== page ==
We typically don’t associate fall with many extreme weather conditions, but as (the hopefully resurrected) Jon Snow would say in Game of Thrones, winter is coming. So when the leaves start to change outside, some of your driving habits might need to change as well. We aren’t talking anything drastic, but by being aware of the changing weather and traffic conditions, you can potentially avoid costly mishaps.
Be mindful of the littering of leaves.
We often marvel at the vivid colors of fall foliage, but they can actually be quite hazardous. Admiring the changing leaves while behind the wheel means you are a distracted driver and don’t have full focus on the road. When it rains, wet leaves can become almost as dangerous as ice, causing cars to skid and lose control. Even when it isn’t raining, fallen leaves can mask important road markings, potholes and more. We aren’t suggesting that you place a bulk order for leaf blowers, but it’s probably a good idea to have a heightened sense of your surroundings.
Adjust to new traffic patterns.
Even if you aren’t heading back-to-school, there is still a chance you will be affected by those who are. Not only could there be more cars on the road during rush hour, but you will have to be aware of new obstacles such as children running into the street or a school bus making frequent stops. And come Halloween, you should be mindful of an onslaught of ghosts, skeletons and mini-Elsas.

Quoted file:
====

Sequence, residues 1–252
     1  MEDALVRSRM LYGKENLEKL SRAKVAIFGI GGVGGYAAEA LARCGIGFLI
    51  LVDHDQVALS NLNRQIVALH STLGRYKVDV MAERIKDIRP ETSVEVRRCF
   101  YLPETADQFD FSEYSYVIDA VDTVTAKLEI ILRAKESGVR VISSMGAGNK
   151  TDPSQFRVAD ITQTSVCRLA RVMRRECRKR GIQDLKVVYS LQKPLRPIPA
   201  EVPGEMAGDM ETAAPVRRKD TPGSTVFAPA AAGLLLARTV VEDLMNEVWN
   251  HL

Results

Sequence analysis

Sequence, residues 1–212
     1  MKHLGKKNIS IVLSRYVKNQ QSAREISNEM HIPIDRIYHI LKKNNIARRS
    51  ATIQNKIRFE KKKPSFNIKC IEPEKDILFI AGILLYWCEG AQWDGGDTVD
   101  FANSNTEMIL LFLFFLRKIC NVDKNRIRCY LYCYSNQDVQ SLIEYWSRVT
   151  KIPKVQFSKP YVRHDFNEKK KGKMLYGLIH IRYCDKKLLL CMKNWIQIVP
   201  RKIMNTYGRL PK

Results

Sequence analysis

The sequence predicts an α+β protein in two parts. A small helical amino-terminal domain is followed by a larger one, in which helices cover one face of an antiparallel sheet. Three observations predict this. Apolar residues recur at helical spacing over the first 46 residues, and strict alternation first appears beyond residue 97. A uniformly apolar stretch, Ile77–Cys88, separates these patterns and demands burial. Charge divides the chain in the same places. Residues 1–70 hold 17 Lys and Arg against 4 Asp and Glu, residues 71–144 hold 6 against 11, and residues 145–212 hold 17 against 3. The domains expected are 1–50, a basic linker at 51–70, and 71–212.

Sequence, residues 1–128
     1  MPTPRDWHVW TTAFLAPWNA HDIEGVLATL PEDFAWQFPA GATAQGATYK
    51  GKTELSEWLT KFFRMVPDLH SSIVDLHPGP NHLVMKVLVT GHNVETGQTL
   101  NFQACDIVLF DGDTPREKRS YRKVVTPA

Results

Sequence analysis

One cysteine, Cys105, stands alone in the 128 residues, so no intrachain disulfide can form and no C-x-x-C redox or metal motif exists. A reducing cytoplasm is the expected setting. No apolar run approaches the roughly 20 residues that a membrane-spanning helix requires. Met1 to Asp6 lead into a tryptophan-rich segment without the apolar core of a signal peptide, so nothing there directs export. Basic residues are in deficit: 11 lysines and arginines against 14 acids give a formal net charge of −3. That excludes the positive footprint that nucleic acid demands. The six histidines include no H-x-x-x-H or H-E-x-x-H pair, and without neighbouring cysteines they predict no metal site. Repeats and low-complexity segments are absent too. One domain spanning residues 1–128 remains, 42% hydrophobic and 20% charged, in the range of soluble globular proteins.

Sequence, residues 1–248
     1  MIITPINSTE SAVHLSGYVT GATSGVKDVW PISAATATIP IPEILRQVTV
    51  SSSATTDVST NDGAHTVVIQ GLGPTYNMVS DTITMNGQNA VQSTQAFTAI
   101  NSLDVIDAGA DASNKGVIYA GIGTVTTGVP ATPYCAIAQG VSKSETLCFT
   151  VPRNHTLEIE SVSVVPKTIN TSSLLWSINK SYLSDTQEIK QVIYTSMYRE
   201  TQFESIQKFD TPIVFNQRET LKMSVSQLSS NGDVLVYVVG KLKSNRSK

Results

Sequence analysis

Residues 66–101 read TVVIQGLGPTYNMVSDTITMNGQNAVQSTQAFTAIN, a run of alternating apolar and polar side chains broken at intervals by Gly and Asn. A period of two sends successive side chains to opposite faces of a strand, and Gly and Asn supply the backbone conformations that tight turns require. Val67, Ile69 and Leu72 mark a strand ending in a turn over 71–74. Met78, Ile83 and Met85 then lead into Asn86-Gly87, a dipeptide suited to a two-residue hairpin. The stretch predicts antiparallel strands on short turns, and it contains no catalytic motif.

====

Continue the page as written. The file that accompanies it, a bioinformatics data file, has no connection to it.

Face the fog.
Chilly fall mornings often are accompanied by a thick blanket of fog, especially if you live near the water. This doesn’t make for the best driving conditions so drive slower than normal and allow more space between you and the vehicle in front of you so you have an adequate amount of time to stop. If your car is equipped with fog lights or driving lights, switch those on because their low-mounted position minimizes fog reflection. Contrary to what your instincts might tell you, it actually isn’t a good idea to use high beams because they direct light into the fog making it difficult to see.
Those chilly fall mornings can also lead to accumulation of frost on your car. Clear frost away before you start driving so your visibility is not impaired. Make sure your heater and defroster systems are working properly, and if you notice anything that seems off, have a mechanic check it out before it’s too late. You should also be aware of hidden icy spots on the road.
Follow these tips, grab yourself a Pumpkin Spice Latte and you will be more than prepared for the incoming chill. And if you are thinking of taking an autumn-inspired road trip, Metromile’s per-mile insurance customers aren’t charged after 150 miles per day (250 in WA), so go ahead and drive to a prime leaf-viewing location. Just be careful when you are behind the wheel!